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An opinionated implementation of JAMstack, Netlify, and CI/CD pipeline

In this article we would provide an overview of our approach to JAMstack, our ideal CI/CD pipeline implementation, let’s jump right in! The Tignum Engineering Team

Back in time at Tignum

The first approach to CI/CD at Tignum was using Jenkins. The team experience with Jenkins was high, and we were confident that this was the right tool for the job.

How was this implementation working for the team? At that moment was a static website. Because the structure and the requirements were simple, Jenkins was enough to cover all CI/CD needs.

The first problems with Jenkins began to appear when the project grew, more people were involved, and more pull requests were opened daily. Some factors we found problematic with Jenkins:

  1. Overhead of deploying Jenkins in combination with container orchestration system
  2. Bottleneck, depending on another team to do the deployments, not full ownership.
  3. Complex maintenance, updating Jenkins, and relying on 3rd party plugins
  4. Most modern CI/CD platforms today have adopted YAML for pipeline configuration. Jenkins has not.
  5. Jenkins has a lot of redundant plugins. Knowing which one to use takes some experimentation and failed attempts.

The time invested in finding of why a deployment was not successful, was far from ideal. Solving deployment issues was taking us some time. Involving other colleagues for support in case those issues appeared, was quite common.

So, it became clear that we needed a different approach to CI/CD. The goals of the team were:

  1. Automate testing and releases
  2. Remove as much as possible the humans in the process
  3. More tests will result in fewer bugs, and reduce fear of change
  4. Increase innovation by reducing fear of change
  5. Gain automation allows more time for improving the existing product.
  6. Speed up iterations.

Our current Web Stack and Products

Tignum nowadays has two main web products that are using the new CI/CD implementation:

The tools that are part of this new approach following JAMstack are: Gatsby, Strapi for the static website and Nuxt for the Web Application My X. So let’s dive a little more into how are built.

How the stack looks like at Tignum

JAMstack at Tignum

One characteristic of JAMstack is the developer experience. After several years of working with the old approach that includes several layers on the client and server-side. JAMstack is way more simple, and the focus shifts to performance. One simple example, Time To First Byte can be optimized with much fewer iterations and factors to take into account compared to the previous approach.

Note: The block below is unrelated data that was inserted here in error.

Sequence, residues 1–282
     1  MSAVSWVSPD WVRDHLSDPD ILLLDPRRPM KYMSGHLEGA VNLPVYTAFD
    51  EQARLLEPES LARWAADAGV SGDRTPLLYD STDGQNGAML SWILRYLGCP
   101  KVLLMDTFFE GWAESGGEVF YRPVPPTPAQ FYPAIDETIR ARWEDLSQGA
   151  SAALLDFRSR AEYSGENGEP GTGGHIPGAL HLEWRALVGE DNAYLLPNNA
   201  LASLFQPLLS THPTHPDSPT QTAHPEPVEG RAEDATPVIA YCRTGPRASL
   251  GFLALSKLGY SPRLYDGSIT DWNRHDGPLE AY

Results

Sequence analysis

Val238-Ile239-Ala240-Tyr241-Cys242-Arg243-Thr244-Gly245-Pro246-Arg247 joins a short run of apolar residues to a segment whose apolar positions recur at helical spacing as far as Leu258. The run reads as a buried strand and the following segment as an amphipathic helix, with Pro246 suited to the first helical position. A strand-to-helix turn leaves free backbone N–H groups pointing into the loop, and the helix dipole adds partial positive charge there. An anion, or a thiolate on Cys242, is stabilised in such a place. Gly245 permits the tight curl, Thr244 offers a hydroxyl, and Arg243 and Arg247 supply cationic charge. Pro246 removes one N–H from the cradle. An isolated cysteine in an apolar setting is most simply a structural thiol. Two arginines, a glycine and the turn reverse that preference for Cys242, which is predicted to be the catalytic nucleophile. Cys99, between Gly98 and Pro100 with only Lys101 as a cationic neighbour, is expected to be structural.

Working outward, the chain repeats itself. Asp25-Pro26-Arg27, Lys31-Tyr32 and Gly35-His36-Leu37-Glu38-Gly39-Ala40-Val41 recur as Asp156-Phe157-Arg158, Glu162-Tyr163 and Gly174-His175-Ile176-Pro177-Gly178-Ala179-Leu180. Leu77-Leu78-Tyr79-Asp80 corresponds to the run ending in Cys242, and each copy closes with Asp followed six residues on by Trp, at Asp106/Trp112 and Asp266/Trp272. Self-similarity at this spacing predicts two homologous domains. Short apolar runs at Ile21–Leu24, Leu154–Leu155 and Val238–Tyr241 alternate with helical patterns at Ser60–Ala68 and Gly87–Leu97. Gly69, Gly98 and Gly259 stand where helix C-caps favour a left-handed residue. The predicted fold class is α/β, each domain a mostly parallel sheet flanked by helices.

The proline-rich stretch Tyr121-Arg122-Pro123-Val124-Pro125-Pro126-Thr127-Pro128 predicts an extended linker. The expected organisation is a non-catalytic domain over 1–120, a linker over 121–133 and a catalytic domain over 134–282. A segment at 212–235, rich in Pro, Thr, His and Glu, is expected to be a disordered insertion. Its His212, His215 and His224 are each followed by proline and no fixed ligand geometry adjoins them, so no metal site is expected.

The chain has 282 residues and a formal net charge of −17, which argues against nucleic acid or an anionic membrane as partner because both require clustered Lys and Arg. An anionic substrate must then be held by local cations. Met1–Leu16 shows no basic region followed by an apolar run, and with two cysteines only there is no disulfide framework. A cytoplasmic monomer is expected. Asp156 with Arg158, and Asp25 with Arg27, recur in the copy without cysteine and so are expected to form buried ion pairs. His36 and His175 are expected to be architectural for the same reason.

One image will help to make it clear:


Why Netlify?

Note: We are not going to recommend direct static website hosting with, for example, S3 and Cloudfront, or Firebase, or any other similar services. We consider those to be old ways of deploying static web pages nowadays. We decided between services that are purpose-built for static site hosting, and that they offer tooling on parallel to increase the productivity, not just asset buckets.

Last step on CI/CD process is deployment, main reason for Netlify? Simplicity, the full configuration does not take more than half an hour. Connect a repository and point the domain to the web application.

When environments are ready, deployments become something as fast as one click. With one click, you have access to a preview, the moment you merge a PR to the branch that will go to production.

Need to check for the result of the deployment? Just open the deployed preview, check, and if not right, click to redeploy the previous version.

To get to the same results with Jenkins involved way more steps, for example:

  1. Creation of the environments in our infrastructure, develop, production
  2. Connect Jenkins to those environments
  3. Set the task for all the different stages of the development and deployments
  4. When versions are ready for production, create fixed versions
  5. When fix versions ready, Jenkins job takes those fix versions and deploy them to production

As a final thought, there are no bad tools, just the right tool for the job. Very often the problems come through complex implementations.

So, Keep It Simple, Sailor!

Thanks to everyone that contribute to make this implementation possible, and for their ideas for this post:

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